I also noticed myself living solely for my own enjoyment. During the week, I didn’t do anything because it would look cool on my story or because it would be a cool photo to add to my Instagram. Some days I didn’t even wear makeup because I knew that I wouldn’t be snapping anyone. I lived in the moment. I was more present in everything. I was off of my phone when people were trying to talk to me, and I didn’t scroll to fill “awkward” lulls in conversations. I was wholly a part of every moment in the present. (And bonus: my phone’s battery lasted all day.)
I will eventually re-download my social media apps. (And if you’re reading this, chances are you saw it on my Instagram and therefore I already have). That might be surprising considering I just listed at least 5 ways that my life improved without social media. Remember what I said in the first paragraph about social media not being inherently bad? I believe my use of Twitter, Snapchat and Instagram is what was really negatively weighing on my life. I will continue to be on social media, but I will be drastically altering how. I am the type of person who needs hard and fast rules, so I will be listing some do’s and do not’s.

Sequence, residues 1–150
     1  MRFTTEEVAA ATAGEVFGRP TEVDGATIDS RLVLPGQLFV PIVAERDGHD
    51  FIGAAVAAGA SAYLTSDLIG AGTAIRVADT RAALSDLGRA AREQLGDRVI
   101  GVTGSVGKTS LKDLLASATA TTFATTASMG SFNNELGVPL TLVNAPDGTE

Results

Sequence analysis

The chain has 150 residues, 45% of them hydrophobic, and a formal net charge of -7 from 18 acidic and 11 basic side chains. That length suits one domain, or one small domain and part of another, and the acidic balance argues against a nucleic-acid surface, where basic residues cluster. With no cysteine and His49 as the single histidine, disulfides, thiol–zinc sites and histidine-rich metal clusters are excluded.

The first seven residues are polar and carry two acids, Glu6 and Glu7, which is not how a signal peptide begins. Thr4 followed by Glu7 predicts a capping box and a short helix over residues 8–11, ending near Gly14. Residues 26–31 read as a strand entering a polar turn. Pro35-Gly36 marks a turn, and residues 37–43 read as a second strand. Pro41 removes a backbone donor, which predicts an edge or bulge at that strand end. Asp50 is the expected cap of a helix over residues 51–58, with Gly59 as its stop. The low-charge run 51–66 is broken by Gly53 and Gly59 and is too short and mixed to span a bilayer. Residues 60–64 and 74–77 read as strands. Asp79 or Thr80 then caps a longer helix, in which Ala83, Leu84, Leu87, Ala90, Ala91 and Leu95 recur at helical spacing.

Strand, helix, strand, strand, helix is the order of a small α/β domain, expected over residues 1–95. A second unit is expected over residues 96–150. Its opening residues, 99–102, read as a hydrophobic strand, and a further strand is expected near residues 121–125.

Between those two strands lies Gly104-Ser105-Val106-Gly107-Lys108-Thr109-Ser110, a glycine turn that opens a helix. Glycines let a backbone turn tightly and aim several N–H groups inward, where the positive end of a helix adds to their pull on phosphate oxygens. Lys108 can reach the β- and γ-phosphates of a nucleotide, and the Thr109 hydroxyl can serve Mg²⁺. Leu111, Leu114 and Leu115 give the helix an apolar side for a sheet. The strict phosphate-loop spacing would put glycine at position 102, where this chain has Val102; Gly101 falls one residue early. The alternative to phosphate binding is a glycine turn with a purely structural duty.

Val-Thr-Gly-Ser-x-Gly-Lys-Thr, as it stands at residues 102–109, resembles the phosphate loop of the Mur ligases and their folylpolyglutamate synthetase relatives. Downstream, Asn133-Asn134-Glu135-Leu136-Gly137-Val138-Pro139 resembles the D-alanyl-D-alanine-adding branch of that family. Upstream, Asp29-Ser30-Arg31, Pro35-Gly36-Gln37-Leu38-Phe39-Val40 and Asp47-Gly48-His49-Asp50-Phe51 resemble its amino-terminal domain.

First of all, I will not use social media to delay getting out of bed in the morning. If I can wait until I have actual free time to check Instagram, I will be much more productive and efficient.
I will not think of social media as something I have to keep up with. It will take some work, but if I can come to terms with missing some things and only using these apps when I have time or “need” to for a specific use (entertainment, socializing, sharing, marketing my Photography business) I will be a lot less stressed.